Today, the Image Expo is being held on the West Coast. Which means under the cover of darkness comic creators more commonly associated with DC and Marvel and being hurried on and off planes, ready to announce their new creator-owned comic book, from Image Comics.
Hint, look who has stopped tweeting for the last few hours.
But how did it come to this? Patrick Meaney has directed a new documentary movie to follow up on his Grant Morrison and Warren Ellis documentaries, and funded by Kickstarter.
The question is, with these kind of things, is how much of a puff piece is it? Because from the beginning, it's incredibly positive following the early careers of the Image founders, becoming superstars and setting up on their own. And while it does look at the problems of too-much-too-young, the fights between founders and criticism of the quality of work and professionalism at the beginning, it does miss out a few of the inconvenient truths, the involvement of Malibu Comics in those early days, the role in Image deciding to follow DC Comics and go exclusive with Diamond Comic Distributors and the resulting collapse of Capital City Distribution, the Name Witheld letter by Erik Larsen, or the battles with the likes of Peter David (the boxing ring debate would have made good cinema, surely).
But it does provide a richer experience of the conflicting histories of the company that the recent anniversary book from the publisher, especially the did-he-jump-was-he-pushed debate over Rob Liefeld's exit from the publisher, while simultaneously undermining the importance, excitement and drive of the publisher and the impact it has on the industry, and continues to have.
So we see the entreprenuerialism of Todd McFarlane, the professionalism and likeability or Jim Lee and the urgent kineticism of Rob Liefeld – and how very little has changed, seeing them as youngsters, to the late fortysomethings only adds wrinkles, the people are the same.
There are moments that will stay with you. Rob Liefeld looking wistfully at the sports cars his employees were all driving to work, and doing his spot-on impersonation of Todd McFarlane. The lounge lizard relaxed vibe of Jim Valentino. The bitterness between Marc Silvestri and Rob Liefeld, revived, just for seconds before being smoothed over as the film moved on. And all the modern day interviews cut and spliced with images of the past.
And the repeated assertion that if Marvel had sent Rob Liefeld and Todd McFarlane a couple of free T-shirts of their work, Image Comics would never have happened. How Image Comics broke Batman's back and killed off Superman by their very existence. And Larry MArder's description of running Image like managing a basketball team when all the A-list players were also owners of the club.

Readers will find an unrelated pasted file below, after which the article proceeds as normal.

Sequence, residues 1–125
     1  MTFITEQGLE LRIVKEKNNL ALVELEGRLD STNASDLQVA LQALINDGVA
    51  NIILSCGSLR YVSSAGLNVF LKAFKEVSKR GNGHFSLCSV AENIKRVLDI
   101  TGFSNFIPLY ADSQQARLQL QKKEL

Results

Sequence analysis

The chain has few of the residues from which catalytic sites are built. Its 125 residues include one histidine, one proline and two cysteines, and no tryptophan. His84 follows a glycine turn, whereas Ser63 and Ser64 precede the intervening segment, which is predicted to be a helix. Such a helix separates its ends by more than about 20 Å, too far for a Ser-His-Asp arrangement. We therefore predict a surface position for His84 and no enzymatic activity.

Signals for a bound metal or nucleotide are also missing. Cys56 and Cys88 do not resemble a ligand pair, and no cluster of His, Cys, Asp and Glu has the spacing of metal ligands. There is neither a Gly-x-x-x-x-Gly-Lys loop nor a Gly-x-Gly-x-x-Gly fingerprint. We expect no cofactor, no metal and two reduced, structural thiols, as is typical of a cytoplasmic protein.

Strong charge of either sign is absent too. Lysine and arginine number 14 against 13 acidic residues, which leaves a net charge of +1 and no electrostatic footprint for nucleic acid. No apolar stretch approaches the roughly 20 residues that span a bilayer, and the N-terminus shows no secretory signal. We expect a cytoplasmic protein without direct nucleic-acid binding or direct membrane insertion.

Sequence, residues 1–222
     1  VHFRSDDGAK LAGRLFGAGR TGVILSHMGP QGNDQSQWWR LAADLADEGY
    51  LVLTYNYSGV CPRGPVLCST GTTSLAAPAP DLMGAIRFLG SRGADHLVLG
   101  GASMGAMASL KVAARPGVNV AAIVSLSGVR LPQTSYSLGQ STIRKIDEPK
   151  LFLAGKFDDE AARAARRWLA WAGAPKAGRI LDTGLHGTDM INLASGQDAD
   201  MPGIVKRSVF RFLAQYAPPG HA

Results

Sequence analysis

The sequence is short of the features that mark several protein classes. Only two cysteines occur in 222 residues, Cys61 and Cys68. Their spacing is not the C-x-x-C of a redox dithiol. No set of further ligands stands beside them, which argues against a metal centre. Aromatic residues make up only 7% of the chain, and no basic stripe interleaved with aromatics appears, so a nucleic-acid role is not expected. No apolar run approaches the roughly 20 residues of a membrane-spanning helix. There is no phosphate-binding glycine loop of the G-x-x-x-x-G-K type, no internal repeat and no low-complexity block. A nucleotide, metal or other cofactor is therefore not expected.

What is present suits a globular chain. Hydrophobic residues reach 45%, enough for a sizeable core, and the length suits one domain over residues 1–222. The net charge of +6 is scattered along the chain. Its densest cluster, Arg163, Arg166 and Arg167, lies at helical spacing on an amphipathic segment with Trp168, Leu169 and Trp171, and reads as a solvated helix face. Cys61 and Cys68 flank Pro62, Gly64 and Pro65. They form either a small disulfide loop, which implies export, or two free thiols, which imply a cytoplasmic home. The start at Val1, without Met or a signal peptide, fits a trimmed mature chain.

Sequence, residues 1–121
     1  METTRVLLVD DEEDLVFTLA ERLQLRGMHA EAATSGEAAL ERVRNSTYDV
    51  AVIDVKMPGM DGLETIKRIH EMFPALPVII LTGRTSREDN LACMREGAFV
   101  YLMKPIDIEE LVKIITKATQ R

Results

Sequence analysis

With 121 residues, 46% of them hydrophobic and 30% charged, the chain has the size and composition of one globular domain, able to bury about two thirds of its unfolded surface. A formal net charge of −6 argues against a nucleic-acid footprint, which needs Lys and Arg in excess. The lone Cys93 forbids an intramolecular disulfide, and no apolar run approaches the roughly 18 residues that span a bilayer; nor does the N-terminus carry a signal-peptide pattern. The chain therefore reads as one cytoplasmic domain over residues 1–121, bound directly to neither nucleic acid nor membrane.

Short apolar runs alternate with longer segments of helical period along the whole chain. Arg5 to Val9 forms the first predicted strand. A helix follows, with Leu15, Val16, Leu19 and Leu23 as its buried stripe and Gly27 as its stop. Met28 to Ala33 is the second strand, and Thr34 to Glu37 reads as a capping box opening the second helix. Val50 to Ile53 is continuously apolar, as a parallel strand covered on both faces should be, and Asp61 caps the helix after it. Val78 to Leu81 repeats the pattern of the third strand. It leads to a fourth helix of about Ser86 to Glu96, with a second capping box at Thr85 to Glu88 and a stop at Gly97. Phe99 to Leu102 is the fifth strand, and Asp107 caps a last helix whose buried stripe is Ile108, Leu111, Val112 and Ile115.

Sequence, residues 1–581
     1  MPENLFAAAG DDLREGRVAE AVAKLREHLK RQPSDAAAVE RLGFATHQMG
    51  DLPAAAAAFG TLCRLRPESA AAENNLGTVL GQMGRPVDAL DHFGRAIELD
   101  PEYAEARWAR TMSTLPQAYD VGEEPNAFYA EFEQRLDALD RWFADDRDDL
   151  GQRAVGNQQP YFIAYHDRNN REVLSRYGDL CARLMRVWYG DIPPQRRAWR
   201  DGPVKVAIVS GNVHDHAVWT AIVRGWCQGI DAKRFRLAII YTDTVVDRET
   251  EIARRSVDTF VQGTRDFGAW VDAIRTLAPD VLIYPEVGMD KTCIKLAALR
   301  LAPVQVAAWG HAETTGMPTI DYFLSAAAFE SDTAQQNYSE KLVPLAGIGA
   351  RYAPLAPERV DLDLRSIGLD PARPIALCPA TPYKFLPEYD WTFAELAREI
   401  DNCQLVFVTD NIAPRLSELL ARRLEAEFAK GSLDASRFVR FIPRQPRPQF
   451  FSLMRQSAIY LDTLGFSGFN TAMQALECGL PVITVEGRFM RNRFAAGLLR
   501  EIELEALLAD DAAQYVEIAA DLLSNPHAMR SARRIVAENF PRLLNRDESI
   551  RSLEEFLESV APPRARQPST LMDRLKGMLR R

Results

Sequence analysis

And there is lots of artwork on display. Some embarrassing, some inspiring, some that grab the teenager within you and give him or her a twist. There is, sadly, a motion-comics narrative device between some scenes that really conflicts with the rest of the film (though Tom DeFalco falling through the door listening in on a meeting at Marvel is an exception) but the Image art, combined with old news footage and the people now make for a feeling of comprehensivity. You come out really liking Image Comics if you didn't before. Which you probably did.
And much of that, especially towards the end, is the Walking Dead. The feeling that the story isn't just one of the nineties, but the future moving forward. That the same story being told in the past, is still told being now. And while they focus on the creative issues that led the founders to move to Image, they don't look at any creative issues current Image creators might have – so the Walking Dead lawsuit with Tony Moore, isn't mentioned.
So, yes, while there is still story to tell and narrative choices made that might not tell the whole story, this does tell an exciting story, with plenty of warts. For those of us who were a part of it or watched it happening, it's a narrative not jut of Image Comics, but of your reading experience as a comics buyer. For those who weren't there, it may seem odd that this haphazard organisation is the smoother Image Comics we know now, and you can see what a Fragile Creature the publisher was, and how it almost fell apart.
That is the film's strength, showing the brash and the bravado, skating on thin ice, and both the danger and the desire almost destroying what had been created – but not quite. And now, how the reward is deserved, well won, and finally stable.
And clearly the filming process kept Eric Stephenson at the camera for longer than he expected…
Word of warning, I do make a small appearance, filmed at San Diego Comic Con, and I'm onscreen for about fifteen seconds, tops. Which oddly is about the same amount of screentime as Dave Olbrich of Malibu Comics.
Here's a trailer to whet your appetite.
The Image Revolution is directed by Patrick Meaney; director of photography, Jordan Rennert; produced by Jordan Rennert and Patrick Meaney; executive producers, Julian Darius and Mike Phillips; in association with Respect! Films